Liam Gallagher’s As You Were puts a much-needed stridency back into rock ‘n’ roll

It’s one thing to scatter new seeds, another thing completely to cultivate the land. With the tragic loss of Tom Petty, rock ‘n’ roll lost one its most important guardians. Thank God we still have Liam Gallagher.

From Wall Of Glass down to For What It’s Worth, we have a settling of scores, an uncompromising simplicity of purpose.

Wall Of Glass is a wailing, unapologetic explosion of masculine power. The song presents the chief emotion of the album. That being: ‘I’m at the top of my game, and more’s the pity for you.’

Many of the songs to follow have an enemy in their sights, and at all times it seems that enemy is an incarnation of the modern disease, the distracted, careerist, Blairite spreadsheet monkeys, with their green tea and hot yoga.

The thudding opening chords of Bold are refreshingly simple, carrying the opening line into a quiet euphoria. ‘Gonna take you off my list of to-dos…’ This is a mature and calm manifesto of the rebellious spirit. I ain’t dead yet.

Greedy Soul needs to be played live. Nevertheless, it’s an exhilarating rise in temperature, while maintaining the emotional voice of Bold.

Paper Crown is a child-like metaphor, but as the song progresses it becomes a deeper and more powerful image. What kind of paper is the crown made of? I can’t help thinking it’s yesterday’s newspaper, bringing you the hard truth you can’t bear to see.

Of course there are shades here of Dylan’s Queen Jane Approximately – where’s all your power now your beauty has faded? But it’s worse than that. It’s the vinegar-soaked paper of an old chip packet, the mistakes of the past that can’t be origami’d into something new.

The bridge is a direct lift from Lennon’s Jealous Guy, but adds a slight operatic and dreamy quality to an otherwise straight-shooting Ashcroft-eque indie ballad. My favourite line is: ‘The hounds of hell won’t lie down on the ashes of your Paper Crown’.

Musically, a change of gear occurs with Come Back To Me and Doesn’t Have To Be That Way. The first of these is a jumpy, britpop stadium anthem. In its heart it’s a seduction song in the vein of Hendrix’s Foxy Lady. This track has one of the few outright rock solos on it, but nothing proggy or masturbatory. The Gallagher tone is never compromised, and the piano driven coda adds a swaggering, Happy Mondays feel to the fade out.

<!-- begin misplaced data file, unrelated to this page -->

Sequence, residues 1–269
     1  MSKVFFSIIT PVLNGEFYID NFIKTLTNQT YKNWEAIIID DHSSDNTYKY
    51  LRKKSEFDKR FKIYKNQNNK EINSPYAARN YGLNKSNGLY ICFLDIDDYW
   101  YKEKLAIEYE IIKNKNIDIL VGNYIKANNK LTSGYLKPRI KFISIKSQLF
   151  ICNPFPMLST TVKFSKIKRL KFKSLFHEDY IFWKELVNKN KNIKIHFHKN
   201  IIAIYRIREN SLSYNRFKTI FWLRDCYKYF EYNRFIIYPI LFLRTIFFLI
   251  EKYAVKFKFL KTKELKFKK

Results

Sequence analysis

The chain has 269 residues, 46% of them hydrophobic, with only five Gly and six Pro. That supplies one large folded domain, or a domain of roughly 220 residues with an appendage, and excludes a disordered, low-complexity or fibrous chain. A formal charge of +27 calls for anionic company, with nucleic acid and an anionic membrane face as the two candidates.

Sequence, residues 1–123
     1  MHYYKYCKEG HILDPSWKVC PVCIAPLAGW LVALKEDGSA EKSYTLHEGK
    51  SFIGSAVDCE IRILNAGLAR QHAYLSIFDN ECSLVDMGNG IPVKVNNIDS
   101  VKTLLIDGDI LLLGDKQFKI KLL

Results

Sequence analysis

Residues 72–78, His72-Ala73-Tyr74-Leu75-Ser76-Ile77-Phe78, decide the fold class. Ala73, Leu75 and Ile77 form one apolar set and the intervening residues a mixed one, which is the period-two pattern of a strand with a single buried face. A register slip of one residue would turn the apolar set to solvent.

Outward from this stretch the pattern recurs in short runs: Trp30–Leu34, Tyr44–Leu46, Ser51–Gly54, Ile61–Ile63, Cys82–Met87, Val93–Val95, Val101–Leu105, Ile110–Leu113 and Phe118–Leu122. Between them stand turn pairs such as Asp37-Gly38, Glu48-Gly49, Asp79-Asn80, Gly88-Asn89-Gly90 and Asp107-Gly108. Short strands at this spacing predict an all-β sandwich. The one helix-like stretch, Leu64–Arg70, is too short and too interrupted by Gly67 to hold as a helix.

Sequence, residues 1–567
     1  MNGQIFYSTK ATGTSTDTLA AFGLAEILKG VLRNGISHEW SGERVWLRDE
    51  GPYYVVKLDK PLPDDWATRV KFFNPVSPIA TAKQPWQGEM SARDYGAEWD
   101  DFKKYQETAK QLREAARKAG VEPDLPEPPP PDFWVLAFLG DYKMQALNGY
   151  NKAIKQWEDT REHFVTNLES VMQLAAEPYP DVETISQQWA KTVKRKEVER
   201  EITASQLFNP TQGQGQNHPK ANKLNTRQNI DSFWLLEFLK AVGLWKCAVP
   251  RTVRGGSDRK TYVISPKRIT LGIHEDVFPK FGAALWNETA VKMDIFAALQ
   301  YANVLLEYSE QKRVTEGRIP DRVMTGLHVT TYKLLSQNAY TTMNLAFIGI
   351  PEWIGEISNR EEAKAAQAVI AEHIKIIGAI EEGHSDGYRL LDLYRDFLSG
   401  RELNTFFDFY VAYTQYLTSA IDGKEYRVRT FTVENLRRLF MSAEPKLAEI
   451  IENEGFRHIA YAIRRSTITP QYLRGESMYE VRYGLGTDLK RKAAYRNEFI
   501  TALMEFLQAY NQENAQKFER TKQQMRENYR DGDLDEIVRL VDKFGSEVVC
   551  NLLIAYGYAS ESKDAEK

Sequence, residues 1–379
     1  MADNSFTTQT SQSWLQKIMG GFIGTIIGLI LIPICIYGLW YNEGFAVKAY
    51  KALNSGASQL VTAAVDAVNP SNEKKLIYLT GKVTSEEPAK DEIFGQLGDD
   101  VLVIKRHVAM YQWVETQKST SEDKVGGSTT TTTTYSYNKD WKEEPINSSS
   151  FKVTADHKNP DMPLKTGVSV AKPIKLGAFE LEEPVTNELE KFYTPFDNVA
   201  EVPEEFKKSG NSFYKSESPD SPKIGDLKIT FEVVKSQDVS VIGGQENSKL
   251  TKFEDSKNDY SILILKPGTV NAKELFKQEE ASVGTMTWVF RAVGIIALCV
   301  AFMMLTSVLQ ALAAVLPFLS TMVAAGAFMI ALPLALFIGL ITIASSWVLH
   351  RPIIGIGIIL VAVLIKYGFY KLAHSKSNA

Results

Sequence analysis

Doesn’t Have To Be That Way has some surprising shades of Human League and eighties Bowie, with a powerful opening homage to Hacienda techno. This song is new territory for Gallagher, but you can tell he is having fun, stretching his vocals and allowing the snarl of his voice to ride a different kind of beat.

This song has the quality of many radio tunes of the nineties, songs that Oasis would have given a wide berth. The guitar solo is very Doorsy, a searing slide psychedelia adding a vintage seasoning to what is really a dance-floor pop track.

For all its ‘back-to-basics’ qualities, this is a fresh and creative album that doesn’t rest on cliches and ‘the right way’ to write a song. There is a stridency, and that, more than any other factor, is what Gallagher brings to the table.

Some musos will object to Gallagher’s branding of modern music as boring and ‘beige’, but he’s not saying there’s no talent, or that people don’t rock out. He’s pointing to the fact that what passes for a ‘good song’ these days is technical accomplishment, rather than a desire to drive home a point.

Go to any open mic in London, and you are likely to find many great writers and musicians, content only to sing to their own navels. The lyrics are merely brushstrokes in self-contained little masterpieces. Nothing grabs you by the throat.

The missing link in modern music is not the talent, not technique, not the ingenuity of the songs. It’s an attitude, a point-of-view, a desire to wrestle with the perceptions of the audience, to carve experience down to potent bullets of common human understanding.

Gallagher makes no excuses for the fact that he is not re-inventing the wheel. The tendency towards demanding innovation for innovation’s sake has led to the conflation of ‘difference’ with ‘originality’.

Just doing something new and different doesn’t mean you are creating a shift in the culture. And doing something familiar doesn’t mean you are resorting to cliches either.

Anyone can be different. Being original requires being in the right place at the right time with the right tools.

Liam Gallagher’s album is an opportunity for rock ‘n’ roll to regroup.

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